Special Feature

by A.E. Ferko

Fokker Dr 1 152/17; Flown by Rtm. Manfred Von Richthofen, March and early April 1917.
RC model by Dave Millard (DMill83234@aol.com).

Reviewed by Kerry Nash (rnash@farin.com)

by A.E. Ferko

Published by Albatros Publications Ltd.

A Book Review by Kerry Nash

I looked at my bookshelf and saw five books dedicated to Manfred von Richthofen, and I know of at least 20 others. What could justify another retelling of such a well known tale when so many deserving characters have untold stories? I have to admit I was quickly engrossed in this new book from Albatros Productions Ltd. Mr. Ferko covered some heretofore unrevealed facets to the von Richthofen saga which I had never seen before. In the end, I determined the coverage of unusual subjects seemed to lack a real direction and were only told because of their oddity and not their historical value. There also seemed to be an intentional lack of objectivity that put the reader and the author in an adversarial role whose only purpose seemed to be to keep the reader's attention.

Richthofen by A. E. Ferko is an 80-page soft cover book. There are many outstanding pictures some of which had never before been published. Artwork by Ray. Rimell highlights the book in three pages of color plates, as is typical of the offerings by Albatros Productions. These fine plates show a good selection of aircraft flown by Manfred von Richthofen. The book is overpriced at 21 pounds (about $35.00), but part of the problem here is a poor exchange rate between the U.S. dollar and the British pound.

Although Ferko writes the book in a conventional narrative style, at times he tries to cover the more uncommon aspects of von Richthofen's war years. One of the best examples of this is a section covering a dispute von Richthofen (as Jagdgeschwader I Commander) had with an officer at Air Headquarters. Apparently a Hauptmann Bufe believed that the squadrons should be deployed so as to form an "impenetrable front", much like a static trench line. Von Richthofen thought this was implausible and favored a more fluid deployment of air assets. As it turns out, von Richthofen was right and his theories are still discussed today at the Air Force's Air War College. Incredibly Ferko contends von Richthofen was out of line and should not have questioned an officer at Headquarters. Ferko attributes von Richthofen's actions as aristocratic snobbery, and when von Richthofen appeals to senior officers and his tactics are seen as the correct ones, Ferko simply accuses von Richthofen as being a superior politician and not a revolutionary tactician.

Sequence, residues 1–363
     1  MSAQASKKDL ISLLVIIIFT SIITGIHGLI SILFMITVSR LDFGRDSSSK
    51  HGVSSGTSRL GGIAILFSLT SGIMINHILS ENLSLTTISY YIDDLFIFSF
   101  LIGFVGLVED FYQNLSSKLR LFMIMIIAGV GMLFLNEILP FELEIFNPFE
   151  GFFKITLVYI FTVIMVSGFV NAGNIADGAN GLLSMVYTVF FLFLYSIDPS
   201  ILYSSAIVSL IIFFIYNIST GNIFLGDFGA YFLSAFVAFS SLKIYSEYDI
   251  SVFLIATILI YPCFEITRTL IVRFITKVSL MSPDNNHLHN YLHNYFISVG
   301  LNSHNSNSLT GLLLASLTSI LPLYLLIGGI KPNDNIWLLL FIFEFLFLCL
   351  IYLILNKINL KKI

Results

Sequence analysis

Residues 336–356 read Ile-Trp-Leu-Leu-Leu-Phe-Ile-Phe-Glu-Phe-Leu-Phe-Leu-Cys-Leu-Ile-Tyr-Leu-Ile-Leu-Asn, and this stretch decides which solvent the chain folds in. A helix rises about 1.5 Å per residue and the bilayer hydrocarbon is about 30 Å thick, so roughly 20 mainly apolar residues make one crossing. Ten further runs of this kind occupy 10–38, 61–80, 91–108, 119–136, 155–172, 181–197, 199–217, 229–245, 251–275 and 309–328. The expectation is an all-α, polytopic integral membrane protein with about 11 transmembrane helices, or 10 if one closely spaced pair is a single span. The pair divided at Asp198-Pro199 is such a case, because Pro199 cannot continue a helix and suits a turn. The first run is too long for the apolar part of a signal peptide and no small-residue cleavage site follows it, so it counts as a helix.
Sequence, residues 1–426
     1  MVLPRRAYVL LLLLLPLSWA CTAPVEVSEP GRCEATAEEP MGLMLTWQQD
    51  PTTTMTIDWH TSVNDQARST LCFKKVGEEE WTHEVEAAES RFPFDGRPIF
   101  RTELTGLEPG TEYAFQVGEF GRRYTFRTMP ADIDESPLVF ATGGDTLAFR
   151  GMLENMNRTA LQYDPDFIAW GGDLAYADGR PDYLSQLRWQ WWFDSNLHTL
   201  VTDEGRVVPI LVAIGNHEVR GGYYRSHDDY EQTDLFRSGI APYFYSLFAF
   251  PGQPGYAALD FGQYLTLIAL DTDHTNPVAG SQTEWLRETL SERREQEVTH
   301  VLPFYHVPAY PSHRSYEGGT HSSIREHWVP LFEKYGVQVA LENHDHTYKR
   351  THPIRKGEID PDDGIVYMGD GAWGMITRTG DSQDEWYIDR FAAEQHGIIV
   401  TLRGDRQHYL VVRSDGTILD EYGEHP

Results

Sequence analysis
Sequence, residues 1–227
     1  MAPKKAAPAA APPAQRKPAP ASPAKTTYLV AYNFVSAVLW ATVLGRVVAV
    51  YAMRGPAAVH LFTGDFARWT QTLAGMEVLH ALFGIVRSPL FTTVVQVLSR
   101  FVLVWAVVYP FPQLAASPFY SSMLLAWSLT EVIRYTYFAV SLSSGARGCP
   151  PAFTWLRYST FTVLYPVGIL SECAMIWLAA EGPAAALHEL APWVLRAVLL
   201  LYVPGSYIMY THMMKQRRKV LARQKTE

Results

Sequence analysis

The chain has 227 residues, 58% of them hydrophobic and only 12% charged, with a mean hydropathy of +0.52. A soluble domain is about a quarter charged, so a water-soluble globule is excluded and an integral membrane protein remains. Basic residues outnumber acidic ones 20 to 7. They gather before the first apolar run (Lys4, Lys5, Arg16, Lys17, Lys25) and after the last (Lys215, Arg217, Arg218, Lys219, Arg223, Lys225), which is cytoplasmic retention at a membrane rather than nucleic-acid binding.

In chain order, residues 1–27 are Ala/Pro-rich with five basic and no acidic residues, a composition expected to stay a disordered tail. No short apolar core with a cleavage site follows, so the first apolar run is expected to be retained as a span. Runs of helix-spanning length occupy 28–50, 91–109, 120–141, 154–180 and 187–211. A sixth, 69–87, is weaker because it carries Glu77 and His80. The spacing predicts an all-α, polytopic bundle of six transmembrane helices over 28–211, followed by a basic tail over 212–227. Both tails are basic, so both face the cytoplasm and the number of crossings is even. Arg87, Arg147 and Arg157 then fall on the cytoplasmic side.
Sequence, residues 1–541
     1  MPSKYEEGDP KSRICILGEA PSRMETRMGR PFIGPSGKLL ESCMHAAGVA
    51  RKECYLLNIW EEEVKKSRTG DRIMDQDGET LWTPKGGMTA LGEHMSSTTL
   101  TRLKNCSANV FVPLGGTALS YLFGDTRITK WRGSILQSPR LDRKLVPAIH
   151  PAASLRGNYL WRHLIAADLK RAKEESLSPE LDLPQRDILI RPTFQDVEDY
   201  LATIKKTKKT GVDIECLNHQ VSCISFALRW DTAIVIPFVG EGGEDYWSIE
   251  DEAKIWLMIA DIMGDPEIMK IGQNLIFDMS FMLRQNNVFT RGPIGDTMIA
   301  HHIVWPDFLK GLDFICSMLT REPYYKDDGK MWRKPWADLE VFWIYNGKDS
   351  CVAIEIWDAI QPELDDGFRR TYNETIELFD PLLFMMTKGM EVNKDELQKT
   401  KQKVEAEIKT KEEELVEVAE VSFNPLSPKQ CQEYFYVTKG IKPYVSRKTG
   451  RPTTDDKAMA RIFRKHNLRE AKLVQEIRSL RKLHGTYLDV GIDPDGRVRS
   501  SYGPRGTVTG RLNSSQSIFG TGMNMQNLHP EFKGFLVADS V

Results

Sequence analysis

Apparently Mr. Ferko has no concept of what a commanding officer's duties are. Manfred von Richthofen and all commanders have a duty to their troops and country. They must employ every strategy that would accomplish the goals that are required. Ferko also contends that taking a disagreement with another officer to their superiors was an act of Prussian aristocratic snobbery. Indeed, Ferko is forgetting that the unquestioning adherence to the orders of a superior is what got the German officer corps in so much trouble during the Nuremberg trials in the second war. Anyone with basic knowledge of the military, from Julius Caesar to Colin Powell, must realize that every officer who desires to have a successful career must be part politician. If Mr. Ferko believes an officer should not question orders or use political savvy to achieve legitimate goals, he would probably do best if he limited his writing to children's books or fantasy.

I find it hard to believe that Ferko is so naive that he does not understand the role of a commanding officer. Instead, I believe the author took positions as he did so to create new controversy on an overdone topic. Unfortunately, his attempts appear sophomoric. These attempts at creating new facets on an old diamond fail. In my opinion the best (or worst) example of this occurs when Mr. Ferko writes the inevitable chapter on "Who Killed the Red Baron?". He devotes the majority of his text on the premise that Manfred von Richthofen was killed by Australian infantry after he made a forced landing due to engine damage. Ferko makes some questionable interpretations of some first-hand reports, but provides us with no real proof. Considering that von Richthofen's Fokker Triplane engine is at the Imperial War museum the least he could have done is show us the engine damage. It seems a shame that tabloid fiction is returning to World War I aviation literature (and not even at pulp prices).

If your main interest is in Manfred von Richthofen, you may want this book for the many fine pictures or the color plates. However, if your interest is in historical World War I aviation you may want to pass on this book.

© 1997 Kerry Nash - All rights reserved